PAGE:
Creating an RSS feed

Category: Webmaster

RSS stands for Rich Site Summary (or Really Simple Syndication), and it is one of the most effective ways to promote the content that you add to your Web site. Basically, an RSS feed sends brief summaries of newly posted content to people who subscribe to the feed, providing a link in each summary to the full content on your site. Here's how to create an RSS feed...

How to Make an RSS Feed

How to Create an RSS Feed

RSS feeds make it easy for people to find and read content that meets their criteria. Subscribers receive RSS feeds in RSS reader applications, and NewsGator and Google Reader are two popular examples. Many email clients now have RSS readers built into them, and will sort RSS feed messages into folders just like regular email.

Creating an RSS feed can be done in several ways. You can do it manually; use software to help manage the coding and content of RSS feeds; or add applications to your website that create RSS feeds automatically.

Hard-core programmers can create RSS feeds with text editors. They create a text file using XML (eXtended Markup Language) tags that tell a Web server what brief summary to send to RSS subscribers. The technical specs and procedures for creating an RSS feed manually can be found at

Desktop applications that help you create RSS feeds rapidly and professionally include FeedForAll (for Mac) and RSS Submit (for all versions of Windows). These apps are more than just XML editors. They will also submit your RSS feeds to hundreds of distribution sites that RSS "news junkies" patronize. They can track your RSS subscriber stats, and do a lot more too.

The most common situation where an RSS feed is required is a website or blog which publishes articles on a regular basis, like this site. Blog hosting sites and content mangement systems generally include the ability create RSS feeds automatically. Wordpress and Moveable Type, for example, let you create a summary of each post you write that will be distributed via RSS to subscribers. Your blogging software will simply take the first 50 words of your post, or the first paragraph, and use that as the RSS summary. If you don't have an automated way to create and update your RSS feeds, doing it manually will be a tedious and error-prone task.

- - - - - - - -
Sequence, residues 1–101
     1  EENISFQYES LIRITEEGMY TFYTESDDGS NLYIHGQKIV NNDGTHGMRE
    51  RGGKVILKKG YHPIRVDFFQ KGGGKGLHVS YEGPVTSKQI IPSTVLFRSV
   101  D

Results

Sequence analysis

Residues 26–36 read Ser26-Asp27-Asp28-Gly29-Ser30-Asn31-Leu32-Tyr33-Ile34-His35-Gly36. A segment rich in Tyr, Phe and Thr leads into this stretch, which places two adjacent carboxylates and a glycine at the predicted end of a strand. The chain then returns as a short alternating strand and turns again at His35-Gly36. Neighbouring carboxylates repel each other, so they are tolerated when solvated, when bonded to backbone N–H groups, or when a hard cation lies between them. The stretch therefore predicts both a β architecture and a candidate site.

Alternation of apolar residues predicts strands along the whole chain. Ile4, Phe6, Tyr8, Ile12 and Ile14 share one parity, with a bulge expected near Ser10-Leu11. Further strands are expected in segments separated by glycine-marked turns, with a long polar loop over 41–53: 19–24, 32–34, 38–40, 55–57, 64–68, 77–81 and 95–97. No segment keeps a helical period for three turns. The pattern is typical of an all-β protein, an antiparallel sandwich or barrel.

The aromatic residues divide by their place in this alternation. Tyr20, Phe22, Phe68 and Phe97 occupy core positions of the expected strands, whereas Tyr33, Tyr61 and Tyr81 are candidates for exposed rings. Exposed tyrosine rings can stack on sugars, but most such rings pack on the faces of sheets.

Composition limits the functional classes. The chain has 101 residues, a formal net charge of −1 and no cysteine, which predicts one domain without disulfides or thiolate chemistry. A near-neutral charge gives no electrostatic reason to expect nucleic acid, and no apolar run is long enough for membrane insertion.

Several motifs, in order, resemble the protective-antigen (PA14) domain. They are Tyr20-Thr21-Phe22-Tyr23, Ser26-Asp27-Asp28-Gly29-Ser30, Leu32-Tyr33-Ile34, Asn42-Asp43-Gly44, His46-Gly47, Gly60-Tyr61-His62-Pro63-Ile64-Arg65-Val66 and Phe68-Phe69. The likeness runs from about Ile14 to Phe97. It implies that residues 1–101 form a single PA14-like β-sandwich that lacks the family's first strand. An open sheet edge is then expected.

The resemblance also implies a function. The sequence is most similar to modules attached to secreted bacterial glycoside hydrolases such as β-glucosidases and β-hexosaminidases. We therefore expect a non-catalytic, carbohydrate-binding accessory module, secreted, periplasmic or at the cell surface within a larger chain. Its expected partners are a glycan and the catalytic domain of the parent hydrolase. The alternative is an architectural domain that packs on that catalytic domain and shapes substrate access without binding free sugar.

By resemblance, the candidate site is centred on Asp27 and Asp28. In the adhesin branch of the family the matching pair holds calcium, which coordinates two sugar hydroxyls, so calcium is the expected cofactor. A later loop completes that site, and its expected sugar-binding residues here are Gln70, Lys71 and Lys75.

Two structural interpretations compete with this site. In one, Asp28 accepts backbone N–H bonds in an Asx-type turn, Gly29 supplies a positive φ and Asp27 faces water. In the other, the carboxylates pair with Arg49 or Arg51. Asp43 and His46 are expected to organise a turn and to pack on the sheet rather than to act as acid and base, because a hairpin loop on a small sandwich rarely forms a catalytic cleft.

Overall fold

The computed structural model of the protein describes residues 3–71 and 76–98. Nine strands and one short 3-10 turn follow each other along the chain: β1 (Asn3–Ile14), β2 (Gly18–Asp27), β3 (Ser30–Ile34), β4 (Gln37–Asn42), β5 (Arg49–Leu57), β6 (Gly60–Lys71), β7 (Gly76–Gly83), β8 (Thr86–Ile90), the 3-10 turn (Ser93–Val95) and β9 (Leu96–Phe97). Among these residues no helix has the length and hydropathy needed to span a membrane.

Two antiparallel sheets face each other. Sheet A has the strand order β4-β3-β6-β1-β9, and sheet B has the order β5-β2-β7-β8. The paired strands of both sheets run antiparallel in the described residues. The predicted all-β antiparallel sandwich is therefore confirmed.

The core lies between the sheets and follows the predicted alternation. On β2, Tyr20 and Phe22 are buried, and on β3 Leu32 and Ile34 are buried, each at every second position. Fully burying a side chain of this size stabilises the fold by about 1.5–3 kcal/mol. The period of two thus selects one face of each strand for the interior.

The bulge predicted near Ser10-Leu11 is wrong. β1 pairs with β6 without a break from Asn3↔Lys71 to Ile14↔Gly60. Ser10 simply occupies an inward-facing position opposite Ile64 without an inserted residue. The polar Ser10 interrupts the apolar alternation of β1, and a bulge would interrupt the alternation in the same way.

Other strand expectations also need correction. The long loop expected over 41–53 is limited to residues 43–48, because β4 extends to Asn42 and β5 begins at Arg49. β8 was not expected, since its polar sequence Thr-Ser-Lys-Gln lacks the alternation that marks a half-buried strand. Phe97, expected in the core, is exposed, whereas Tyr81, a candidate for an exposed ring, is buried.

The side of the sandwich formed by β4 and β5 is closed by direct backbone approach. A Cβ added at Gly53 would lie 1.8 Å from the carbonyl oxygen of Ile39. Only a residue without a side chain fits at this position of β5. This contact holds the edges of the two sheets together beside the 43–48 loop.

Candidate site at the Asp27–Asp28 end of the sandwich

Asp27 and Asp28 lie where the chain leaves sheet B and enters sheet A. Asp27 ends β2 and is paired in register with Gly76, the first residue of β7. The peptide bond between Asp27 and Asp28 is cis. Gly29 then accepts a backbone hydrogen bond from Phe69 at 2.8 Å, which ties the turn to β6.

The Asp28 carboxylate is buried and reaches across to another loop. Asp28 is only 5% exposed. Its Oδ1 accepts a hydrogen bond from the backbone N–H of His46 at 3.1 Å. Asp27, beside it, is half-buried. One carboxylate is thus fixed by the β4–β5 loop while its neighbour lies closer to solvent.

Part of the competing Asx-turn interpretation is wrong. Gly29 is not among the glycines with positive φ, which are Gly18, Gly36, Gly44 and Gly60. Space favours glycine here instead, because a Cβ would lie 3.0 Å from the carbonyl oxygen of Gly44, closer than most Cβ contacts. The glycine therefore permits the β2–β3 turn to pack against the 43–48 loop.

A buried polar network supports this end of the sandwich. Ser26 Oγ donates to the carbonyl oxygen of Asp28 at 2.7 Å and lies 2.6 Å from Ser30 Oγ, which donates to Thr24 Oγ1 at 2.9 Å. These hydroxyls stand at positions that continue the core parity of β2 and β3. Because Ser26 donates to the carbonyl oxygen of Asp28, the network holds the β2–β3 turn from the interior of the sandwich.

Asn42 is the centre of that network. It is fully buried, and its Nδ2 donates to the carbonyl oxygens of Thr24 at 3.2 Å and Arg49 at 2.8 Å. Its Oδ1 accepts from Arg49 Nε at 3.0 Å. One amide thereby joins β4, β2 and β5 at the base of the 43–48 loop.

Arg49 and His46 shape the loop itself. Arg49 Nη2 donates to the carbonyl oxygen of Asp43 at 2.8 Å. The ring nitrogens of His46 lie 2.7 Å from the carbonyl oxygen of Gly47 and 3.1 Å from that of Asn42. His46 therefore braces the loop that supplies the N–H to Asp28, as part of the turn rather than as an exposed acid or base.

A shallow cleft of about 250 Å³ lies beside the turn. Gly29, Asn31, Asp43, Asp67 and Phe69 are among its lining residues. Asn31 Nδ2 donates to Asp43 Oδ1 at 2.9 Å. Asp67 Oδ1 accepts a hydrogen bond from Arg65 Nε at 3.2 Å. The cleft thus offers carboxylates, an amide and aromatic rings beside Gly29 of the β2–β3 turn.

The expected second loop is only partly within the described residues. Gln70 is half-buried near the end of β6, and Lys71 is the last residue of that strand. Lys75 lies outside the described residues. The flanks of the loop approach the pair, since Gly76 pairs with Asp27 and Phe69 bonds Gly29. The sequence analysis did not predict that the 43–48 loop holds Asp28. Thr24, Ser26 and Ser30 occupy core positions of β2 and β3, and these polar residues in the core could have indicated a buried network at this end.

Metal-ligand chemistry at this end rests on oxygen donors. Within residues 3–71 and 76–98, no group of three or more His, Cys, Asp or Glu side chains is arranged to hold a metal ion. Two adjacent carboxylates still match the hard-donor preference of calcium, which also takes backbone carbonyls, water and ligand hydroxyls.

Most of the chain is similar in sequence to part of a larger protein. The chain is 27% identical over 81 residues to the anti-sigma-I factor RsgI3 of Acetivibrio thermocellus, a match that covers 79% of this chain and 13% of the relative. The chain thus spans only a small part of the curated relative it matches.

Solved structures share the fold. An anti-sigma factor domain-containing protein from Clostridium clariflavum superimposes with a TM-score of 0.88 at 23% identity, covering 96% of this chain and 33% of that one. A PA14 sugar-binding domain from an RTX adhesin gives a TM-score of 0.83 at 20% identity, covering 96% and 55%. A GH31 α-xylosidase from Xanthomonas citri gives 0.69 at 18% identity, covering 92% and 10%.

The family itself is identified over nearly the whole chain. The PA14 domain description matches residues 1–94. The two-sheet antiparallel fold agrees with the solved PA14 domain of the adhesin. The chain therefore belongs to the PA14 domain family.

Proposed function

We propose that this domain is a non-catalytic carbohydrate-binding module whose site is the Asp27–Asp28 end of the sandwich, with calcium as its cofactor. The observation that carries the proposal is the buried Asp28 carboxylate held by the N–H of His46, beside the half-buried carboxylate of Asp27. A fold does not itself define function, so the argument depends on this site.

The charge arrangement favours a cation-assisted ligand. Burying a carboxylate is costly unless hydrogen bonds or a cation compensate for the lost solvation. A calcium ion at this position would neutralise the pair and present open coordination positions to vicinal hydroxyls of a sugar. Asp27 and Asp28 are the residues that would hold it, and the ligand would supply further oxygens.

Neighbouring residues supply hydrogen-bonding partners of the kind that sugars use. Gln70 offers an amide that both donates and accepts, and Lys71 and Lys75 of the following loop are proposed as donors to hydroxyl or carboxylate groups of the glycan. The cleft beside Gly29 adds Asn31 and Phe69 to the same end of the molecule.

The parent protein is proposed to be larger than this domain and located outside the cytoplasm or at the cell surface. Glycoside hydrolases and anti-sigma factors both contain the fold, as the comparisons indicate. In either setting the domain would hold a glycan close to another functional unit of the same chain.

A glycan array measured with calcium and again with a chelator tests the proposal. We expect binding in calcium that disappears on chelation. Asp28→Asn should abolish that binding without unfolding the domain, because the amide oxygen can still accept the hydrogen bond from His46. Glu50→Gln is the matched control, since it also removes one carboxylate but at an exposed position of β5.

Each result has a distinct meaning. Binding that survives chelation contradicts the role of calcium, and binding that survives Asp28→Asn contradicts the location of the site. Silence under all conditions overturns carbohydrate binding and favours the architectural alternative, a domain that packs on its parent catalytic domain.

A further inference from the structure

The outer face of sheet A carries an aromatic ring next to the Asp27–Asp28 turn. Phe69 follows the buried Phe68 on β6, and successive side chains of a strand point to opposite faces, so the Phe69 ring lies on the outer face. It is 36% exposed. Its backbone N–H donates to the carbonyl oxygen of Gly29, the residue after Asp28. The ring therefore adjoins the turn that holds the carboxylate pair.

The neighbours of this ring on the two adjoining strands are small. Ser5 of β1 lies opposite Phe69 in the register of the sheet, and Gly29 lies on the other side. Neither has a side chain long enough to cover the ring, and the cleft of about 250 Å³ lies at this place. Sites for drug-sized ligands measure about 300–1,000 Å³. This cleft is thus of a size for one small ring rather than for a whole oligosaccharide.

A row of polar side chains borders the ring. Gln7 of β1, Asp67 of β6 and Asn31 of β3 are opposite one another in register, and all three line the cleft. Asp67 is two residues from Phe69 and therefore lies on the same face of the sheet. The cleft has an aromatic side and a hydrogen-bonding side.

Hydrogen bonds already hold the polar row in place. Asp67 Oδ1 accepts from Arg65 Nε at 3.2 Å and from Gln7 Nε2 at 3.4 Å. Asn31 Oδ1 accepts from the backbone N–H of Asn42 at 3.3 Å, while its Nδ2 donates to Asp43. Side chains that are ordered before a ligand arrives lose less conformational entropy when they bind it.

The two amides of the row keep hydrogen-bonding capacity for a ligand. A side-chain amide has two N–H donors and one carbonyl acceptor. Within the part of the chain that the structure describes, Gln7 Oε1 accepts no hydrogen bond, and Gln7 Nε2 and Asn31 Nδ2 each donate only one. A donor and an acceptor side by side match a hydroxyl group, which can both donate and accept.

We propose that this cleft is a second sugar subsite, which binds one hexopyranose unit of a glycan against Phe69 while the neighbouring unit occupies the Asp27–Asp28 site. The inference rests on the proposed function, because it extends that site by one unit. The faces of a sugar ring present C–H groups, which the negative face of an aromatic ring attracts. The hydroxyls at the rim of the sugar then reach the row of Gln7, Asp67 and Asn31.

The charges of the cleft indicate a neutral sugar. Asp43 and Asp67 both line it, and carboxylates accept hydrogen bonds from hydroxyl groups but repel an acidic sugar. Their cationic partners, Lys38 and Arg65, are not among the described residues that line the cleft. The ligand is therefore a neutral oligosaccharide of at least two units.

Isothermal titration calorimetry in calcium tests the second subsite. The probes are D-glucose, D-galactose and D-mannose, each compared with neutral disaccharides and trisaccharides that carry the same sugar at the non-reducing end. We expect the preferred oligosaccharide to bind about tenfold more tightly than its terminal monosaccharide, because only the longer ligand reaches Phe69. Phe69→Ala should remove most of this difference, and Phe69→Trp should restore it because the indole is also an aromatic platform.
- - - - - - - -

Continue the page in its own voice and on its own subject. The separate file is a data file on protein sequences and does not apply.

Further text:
Other Benefits of Having an RSS Feed

Online stores can also benefit by having one or more RSS feeds that list their current inventory of items for sale. If these feeds contain information such as item name, SKU, price and category, then shopping search engines like Google Product Search and price comparison sites can easily parse that data, allowing consumers to search, sort and compare across multiple online stores.

Web browsers can detect when an RSS feed is available on a site, and display a distinctive icon in the address bar to notify viewers. Clicking on the RSS icon activates a pop-up window that allows a reader to subscribe to an RSS feed with one or two clicks. There may be more than one type of RSS format to choose from.

The original RSS protocol and markup language is used almost everywhere. The Atom format is also used for RSS feeds. Atom's differences from the RSS protocol are less important than the fact that two competing standards keeps both constantly improving. You can use Atom, RSS, or both on your Web site.

The greatest boost that you can give your Web exposure is to syndicate your site's RSS feed to the many "news aggregators" out there. See the RSS Submit Web site for a list of 130 aggregators and RSS search engines. Many people search these aggregators like book store newsstands, seeking feeds that match their interests.

The power of RSS is that it lets you reach out to people who have never heard of your Web site and get samples of your content in front of them. Then you can reel them in to your site.

Do you have something to say about creating an RSS feed? Post your comment or question below...

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Most recent comments on "Creating an RSS feed"

Posted by:

10 Aug 2010

I use Chrome and I never see an RSS icon like you mentioned. Is there some other way of accessing it in Chrome?

Posted by:

30 Nov 2012

>My computer lost the ability to 'sense' RSS feeds. The java news items don't play sound and the radio station I like is silent.
>I think I lost the RSS after doing some scans CCcleaner and Malwarebytes. I didn't notice it right away.
>I have Windows 7. I thought I would do a 'repair' on my computer. To my chagrin Windows 7 does not have repair. Does Windows 7 have a 'value add' or 'repair' feature that you know of?

EDITOR'S NOTE: Sounds like a System Restore would be helpful. See

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